he is a part of this asphalt court we call Ohio, & how we
suffer, & how we shine.

Sean Thomas Dougherty, "Biography of LeBron as Ohio" from The Second O of Sorrow.  Copyright © 2018 by Sean Thomas Dougherty.  Reprinted by permission of BOA Editions, Ltd., www.boaeditions.org.

Sean Thomas Dougherty

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Poem of the Day: More Than Enough
The first lily of June opens its red mouth.
All over the sand road where we walk
multiflora rose climbs trees cascading
white or pink blossoms, simple, intense
the scene drifting like colored mist.

The arrowhead is spreading its creamy
clumps of flower and the blackberries
are blooming in the thickets. Season of
joy for the bee. The green will never
again be so green, so purely and lushly

new, grass lifting its wheaty seedheads
into the wind. Rich fresh wine
of June, we stagger into you smeared
with pollen, overcome as the turtle
laying her eggs in roadside sand.

Marge Piercy's latest book of poetry is Colors Passing Through Us (Knopf, 2003); her new novel Sex Wars (Morrow/Harper Collins) will be out in December. Poem copyright © 2003 by Marge Piercy and reprinted from The Paterson Literary Review with permission of the author.

Source: Colors Passing Through Us(Alfred A. Knopf, 2003)

Marge Piercy

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Poem of the Day: On Swearing
In Normandy, at Point Du Hoc,
where some Rangers died,
Dad pointed to an old man
20 feet closer to the edge than us,
asking if I could see
the medal the man held
like a rosary.
As we approached the cliff
the man’s swearing, each bulleted
syllable, sifted back
toward us in the ocean wind.
I turned away,
but my shoulder was held still
by my father’s hand,
and I looked up at him
as he looked at the man.

Poem copyright © 2007 by Gary Dop. Reprinted from “Whistling Shade,” Summer, 2007, by permission of Gary Dop.

Gary Dop

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Poem of the Day: A Poem on the Assassination of...
Trees are never felled . . . in summer . . . Not when the fruit . . .   
is yet to be borne . . . Never before the promise . . . is fulfilled . . .   
Not when their cooling shade . . . has yet to comfort . . .

Yet there are those . . . unheeding of nature . . . indifferent to   
ecology . . . ignorant of need . . . who . . . with ax and sharpened   
saw . . . would . . . in boots . . . step forth damaging . . .

Not the tree . . . for it falls . . . But those who would . . . in
summer’s heat . . . or winter’s cold . . . contemplate . . . the   
beauty . . .

Nikki Giovanni, “A Poem on the Assassination of Robert F. Kennedy” from Those Who Ride the Night Winds. Copyright © 1983 by Nikki Giovanni. Used with the permission of HarperCollins Publishers.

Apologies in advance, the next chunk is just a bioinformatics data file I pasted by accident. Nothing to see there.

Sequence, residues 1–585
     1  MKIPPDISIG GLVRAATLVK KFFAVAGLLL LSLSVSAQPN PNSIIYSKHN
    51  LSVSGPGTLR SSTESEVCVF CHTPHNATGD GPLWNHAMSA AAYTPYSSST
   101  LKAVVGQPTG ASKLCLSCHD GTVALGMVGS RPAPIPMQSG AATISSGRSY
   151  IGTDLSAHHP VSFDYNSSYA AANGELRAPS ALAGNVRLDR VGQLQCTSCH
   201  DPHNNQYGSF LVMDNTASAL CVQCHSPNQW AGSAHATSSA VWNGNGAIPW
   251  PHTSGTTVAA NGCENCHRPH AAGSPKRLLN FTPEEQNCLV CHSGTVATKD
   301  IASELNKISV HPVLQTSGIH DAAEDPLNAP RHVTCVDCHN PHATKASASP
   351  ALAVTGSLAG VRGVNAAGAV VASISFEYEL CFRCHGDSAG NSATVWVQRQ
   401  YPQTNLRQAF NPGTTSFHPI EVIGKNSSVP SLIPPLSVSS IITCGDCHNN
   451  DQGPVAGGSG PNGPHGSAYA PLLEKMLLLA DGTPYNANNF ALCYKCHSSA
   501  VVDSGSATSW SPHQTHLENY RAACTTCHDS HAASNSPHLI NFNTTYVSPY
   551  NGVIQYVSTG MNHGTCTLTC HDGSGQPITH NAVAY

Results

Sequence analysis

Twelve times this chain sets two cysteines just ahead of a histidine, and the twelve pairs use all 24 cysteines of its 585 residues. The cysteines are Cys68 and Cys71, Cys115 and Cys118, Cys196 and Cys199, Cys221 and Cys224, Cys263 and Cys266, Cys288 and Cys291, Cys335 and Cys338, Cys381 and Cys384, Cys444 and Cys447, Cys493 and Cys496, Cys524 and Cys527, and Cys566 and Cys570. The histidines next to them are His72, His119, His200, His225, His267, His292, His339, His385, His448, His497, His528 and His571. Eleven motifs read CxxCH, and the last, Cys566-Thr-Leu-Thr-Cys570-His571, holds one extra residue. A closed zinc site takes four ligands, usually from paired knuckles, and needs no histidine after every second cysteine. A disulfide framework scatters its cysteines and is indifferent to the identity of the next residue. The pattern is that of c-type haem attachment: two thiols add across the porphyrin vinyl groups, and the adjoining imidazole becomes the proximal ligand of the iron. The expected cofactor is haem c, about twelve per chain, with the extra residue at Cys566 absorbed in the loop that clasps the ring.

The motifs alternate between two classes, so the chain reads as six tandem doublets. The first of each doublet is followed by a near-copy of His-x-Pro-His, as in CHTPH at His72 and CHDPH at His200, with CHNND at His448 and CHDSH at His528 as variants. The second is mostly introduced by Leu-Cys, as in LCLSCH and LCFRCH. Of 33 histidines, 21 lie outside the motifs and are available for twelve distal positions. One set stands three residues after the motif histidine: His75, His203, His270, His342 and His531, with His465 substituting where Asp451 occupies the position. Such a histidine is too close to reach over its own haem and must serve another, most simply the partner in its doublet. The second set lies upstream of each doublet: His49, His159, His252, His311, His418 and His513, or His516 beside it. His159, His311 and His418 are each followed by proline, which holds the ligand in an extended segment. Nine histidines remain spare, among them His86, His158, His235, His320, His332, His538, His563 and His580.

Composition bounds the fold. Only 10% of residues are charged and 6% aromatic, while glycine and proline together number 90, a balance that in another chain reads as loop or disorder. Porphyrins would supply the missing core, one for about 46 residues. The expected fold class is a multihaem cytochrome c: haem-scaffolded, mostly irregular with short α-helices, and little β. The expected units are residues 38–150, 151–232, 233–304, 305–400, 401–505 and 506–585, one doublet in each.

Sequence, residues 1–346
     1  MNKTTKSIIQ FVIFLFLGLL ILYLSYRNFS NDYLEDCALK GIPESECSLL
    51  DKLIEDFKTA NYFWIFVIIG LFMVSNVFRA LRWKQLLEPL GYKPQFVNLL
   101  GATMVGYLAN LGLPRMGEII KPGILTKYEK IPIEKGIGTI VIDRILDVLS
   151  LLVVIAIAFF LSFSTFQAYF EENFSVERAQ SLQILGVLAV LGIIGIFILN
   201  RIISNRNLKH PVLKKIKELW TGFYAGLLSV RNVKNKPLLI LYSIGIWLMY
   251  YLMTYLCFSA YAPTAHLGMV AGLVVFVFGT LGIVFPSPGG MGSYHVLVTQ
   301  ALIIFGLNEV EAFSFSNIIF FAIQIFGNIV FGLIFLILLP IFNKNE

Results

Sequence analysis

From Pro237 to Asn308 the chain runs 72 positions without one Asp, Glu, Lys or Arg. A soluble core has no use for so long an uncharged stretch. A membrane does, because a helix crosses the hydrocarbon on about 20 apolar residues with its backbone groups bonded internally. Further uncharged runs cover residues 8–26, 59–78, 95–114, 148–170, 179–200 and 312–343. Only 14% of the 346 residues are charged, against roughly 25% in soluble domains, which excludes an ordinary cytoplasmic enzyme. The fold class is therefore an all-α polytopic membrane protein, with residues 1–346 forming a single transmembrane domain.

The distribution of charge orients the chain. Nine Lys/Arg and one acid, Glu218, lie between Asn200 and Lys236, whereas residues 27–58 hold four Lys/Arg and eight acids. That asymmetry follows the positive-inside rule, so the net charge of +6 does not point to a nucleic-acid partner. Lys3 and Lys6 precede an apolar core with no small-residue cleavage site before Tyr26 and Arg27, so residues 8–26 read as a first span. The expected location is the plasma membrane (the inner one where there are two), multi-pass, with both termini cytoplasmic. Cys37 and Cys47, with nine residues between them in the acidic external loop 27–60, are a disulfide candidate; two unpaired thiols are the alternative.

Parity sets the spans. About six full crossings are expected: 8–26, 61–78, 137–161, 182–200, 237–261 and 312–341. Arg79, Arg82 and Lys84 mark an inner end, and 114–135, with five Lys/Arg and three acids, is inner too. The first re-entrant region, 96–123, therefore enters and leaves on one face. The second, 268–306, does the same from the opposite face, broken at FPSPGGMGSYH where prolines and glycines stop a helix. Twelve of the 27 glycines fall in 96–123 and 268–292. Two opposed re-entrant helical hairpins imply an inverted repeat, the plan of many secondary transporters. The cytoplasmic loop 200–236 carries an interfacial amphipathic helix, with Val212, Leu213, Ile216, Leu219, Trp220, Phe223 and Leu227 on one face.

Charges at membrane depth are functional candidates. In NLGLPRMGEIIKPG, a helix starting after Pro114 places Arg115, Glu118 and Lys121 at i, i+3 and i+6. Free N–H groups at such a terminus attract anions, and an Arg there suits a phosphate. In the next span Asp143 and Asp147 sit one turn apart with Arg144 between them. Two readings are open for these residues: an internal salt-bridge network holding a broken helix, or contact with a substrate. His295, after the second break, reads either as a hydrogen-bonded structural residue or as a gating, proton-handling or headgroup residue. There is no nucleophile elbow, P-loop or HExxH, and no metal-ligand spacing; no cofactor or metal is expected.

Source: The Collected Poems of Nikki Giovanni(2003)

Nikki Giovanni

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Poem of the Day: Nobody Knows
We had to imagine you even then, Ramon, your star lost,
a glimpse to die for,
all the kids galloping to Westside Park
where your gang was supposed to meet in open warfare
those bitter skinny boys from Toonerville,
well-armed, Lupe said.
And when we got there, nothing, no armies, no chucos
with long tails and zip guns, just the grass
with its stunned look, as though it never really wanted all that light.
City grass doesn't want much of anything,
it's not out there trembling with desire,
minds its own business, leeching slowly upward from busted pipe.
And now nobody knows what you really wanted, Ramon,
when the needle spun true north,
or why that final rush of light, flat stare of lawn
as you staggered by, seared your own throat shut.
Tonight, I'm getting to the smallest place I know,
dusk coming on slow,
the moon half full of shade,
so still it almost doesn't want to move,
whispers a phrase to particles of blue.
Same moon you knew with its white mind watching,
same moon you walked beneath and were gone.

Marsha de la O, "Nobody Knows" from Antidote For Night. Copyright © 2015 by Marsha de la O.  Reprinted by permission of BOA Editions, Ltd. .

Source: Antidote for Night(BOA Editions Ltd., 2015)

Marsha De La O

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Poem of the Day: Dear Gaybashers
The night we got bashed we told Rusty how
they drove up, yelled QUEER, threw a hot dog, sped off.

Rusty: Now, is that gaybashing? Or
are they just calling you queer? Good point.

Josey pitied the fools: who buys a perfectly good pack of wieners
and drives around San Francisco chucking them at gays?

And who speeds off? Missing the point, the pleasure of the bash?
Dear bashers, you should have seen the hot dog hit my neck,

the scarf Josey sewed from antique silk kimonos: so gay. You
missed laughing at us, us confused, your raw hot dog on the ground.

Josey and Rusty and Bob make fun of the gaybashers, and I
wash my scarf in the sink. I use Woolite. We worry

about insurance, interest rates. Not hot dogs thrown from F-150s,